The finest lapis has uniform bodycolor, free of visible pyrite and calcite. Lapis often contains varying amounts of whitish calcite matrix—the host rock—or flecks or veins of yellow pyrite, or both.
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What To Look For
Variously described as indigo, royal, midnight, or marine blue, lapis lazuli’s signature hue is slightly greenish blue to violetish blue, medium to dark in tone, and highly saturated. In its most-prized form, lapis lazuli has no visible calcite, although it might have gold-colored pyrite flecks.
If the pyrite flecks are small and sprinkled attractively throughout the gem, their presence doesn’t necessarily lower lapis lazuli’s value. The lowest-quality lapis looks dull and green, the result of an excess of pyrite. Lapis with white calcite streaks is less valuable.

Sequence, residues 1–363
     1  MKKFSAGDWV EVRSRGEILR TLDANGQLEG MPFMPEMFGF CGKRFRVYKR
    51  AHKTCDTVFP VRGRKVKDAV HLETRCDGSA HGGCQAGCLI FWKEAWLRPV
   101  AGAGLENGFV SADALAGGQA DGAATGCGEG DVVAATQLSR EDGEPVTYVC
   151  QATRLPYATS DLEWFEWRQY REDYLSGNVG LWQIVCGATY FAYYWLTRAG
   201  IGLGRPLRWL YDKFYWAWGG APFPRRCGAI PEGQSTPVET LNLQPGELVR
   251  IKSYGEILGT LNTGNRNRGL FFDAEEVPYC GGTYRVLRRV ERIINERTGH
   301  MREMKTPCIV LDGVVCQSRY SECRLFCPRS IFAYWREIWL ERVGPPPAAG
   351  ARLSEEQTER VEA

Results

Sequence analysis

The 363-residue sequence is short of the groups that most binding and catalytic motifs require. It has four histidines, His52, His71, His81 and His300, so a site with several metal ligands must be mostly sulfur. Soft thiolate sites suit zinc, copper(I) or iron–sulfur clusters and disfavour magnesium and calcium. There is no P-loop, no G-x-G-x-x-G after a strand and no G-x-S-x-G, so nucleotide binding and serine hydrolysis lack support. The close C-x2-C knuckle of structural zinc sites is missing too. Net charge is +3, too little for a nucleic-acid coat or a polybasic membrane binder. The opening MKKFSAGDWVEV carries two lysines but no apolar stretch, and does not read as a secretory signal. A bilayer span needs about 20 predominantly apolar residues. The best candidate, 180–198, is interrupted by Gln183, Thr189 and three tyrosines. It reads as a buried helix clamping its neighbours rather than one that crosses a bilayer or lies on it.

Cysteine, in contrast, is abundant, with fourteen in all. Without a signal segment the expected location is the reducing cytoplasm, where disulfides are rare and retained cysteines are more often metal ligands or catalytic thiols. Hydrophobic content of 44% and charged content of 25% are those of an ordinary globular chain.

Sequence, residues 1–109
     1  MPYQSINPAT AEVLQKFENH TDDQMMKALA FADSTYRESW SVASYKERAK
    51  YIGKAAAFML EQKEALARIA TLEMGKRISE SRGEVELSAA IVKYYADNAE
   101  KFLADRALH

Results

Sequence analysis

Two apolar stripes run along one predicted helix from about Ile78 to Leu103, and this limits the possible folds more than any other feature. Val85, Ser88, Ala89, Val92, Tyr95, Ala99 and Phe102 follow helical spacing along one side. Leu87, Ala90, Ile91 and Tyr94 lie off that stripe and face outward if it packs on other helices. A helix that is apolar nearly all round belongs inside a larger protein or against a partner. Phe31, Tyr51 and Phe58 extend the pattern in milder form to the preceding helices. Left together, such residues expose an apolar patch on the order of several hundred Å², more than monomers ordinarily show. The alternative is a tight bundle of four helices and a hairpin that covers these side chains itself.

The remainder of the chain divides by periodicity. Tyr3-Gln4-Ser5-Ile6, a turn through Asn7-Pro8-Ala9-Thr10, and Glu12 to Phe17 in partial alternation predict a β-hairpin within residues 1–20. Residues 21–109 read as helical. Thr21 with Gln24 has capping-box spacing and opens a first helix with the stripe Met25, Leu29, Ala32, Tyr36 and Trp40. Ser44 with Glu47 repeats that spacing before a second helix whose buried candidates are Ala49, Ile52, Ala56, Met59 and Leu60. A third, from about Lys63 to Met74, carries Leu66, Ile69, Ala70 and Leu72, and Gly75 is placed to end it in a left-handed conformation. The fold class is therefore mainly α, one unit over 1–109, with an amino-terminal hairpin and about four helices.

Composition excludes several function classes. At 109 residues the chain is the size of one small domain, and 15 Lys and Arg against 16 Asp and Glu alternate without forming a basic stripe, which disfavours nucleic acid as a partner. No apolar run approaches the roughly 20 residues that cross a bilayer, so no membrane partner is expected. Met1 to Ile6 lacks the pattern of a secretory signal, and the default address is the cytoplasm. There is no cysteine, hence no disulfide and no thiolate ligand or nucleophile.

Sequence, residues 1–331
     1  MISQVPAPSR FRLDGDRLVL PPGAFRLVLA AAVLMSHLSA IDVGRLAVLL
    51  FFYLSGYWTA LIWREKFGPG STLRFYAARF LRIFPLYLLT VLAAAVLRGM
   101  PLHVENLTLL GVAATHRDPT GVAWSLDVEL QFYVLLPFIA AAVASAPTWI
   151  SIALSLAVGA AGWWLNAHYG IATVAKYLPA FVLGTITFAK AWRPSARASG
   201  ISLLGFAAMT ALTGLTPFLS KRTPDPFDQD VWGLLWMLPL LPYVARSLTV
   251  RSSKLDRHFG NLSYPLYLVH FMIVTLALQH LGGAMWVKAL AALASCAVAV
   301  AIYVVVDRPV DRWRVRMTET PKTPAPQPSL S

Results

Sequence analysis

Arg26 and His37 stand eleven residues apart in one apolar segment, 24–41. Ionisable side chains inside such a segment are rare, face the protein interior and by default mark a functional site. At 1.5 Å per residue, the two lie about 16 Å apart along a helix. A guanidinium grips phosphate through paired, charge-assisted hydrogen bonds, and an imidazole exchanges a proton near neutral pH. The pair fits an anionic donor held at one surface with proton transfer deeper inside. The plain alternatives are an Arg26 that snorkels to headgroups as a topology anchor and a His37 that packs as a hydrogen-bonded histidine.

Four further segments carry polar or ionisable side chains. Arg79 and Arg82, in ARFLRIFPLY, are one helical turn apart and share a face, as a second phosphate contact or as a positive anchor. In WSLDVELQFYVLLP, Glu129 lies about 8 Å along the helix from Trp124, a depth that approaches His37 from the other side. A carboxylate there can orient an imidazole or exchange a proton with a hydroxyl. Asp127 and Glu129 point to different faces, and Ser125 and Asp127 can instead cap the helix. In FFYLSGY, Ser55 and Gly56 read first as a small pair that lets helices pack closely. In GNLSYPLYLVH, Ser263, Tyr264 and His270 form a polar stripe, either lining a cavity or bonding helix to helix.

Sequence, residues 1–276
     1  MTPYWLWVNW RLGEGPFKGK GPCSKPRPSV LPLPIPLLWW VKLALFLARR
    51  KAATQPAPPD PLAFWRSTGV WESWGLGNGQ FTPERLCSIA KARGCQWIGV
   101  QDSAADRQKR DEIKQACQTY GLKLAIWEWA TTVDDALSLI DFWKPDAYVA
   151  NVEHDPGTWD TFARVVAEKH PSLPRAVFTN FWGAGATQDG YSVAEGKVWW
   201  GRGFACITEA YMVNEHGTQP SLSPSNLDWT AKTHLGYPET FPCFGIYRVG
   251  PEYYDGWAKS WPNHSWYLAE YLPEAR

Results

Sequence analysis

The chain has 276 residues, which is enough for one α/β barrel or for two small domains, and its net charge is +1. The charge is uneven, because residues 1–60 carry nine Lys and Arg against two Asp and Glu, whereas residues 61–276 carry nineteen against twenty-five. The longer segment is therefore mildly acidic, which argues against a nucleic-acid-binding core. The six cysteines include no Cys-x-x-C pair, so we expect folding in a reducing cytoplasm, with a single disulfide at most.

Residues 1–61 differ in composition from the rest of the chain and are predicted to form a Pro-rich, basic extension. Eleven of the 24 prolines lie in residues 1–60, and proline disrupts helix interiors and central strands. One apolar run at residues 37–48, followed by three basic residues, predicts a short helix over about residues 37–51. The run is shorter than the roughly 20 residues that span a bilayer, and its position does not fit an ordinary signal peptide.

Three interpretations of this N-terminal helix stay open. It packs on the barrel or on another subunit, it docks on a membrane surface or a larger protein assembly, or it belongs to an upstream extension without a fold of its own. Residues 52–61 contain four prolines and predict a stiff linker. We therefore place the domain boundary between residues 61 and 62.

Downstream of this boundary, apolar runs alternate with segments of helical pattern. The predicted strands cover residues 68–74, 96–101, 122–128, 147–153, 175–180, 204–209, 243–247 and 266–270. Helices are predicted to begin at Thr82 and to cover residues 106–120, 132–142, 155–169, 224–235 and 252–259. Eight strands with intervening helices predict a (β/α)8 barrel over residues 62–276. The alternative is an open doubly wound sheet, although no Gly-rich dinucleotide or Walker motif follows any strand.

Lapis lazuli is often cut into cabochons, beads, and tablets. The gem has also been popular with carvers for centuries.
This lapis lazuli specimen from Afghanistan, “The Owl,” weighs about 1 kilogram. Lapis is found in all sizes and is often cut into calibrated sizes or beads.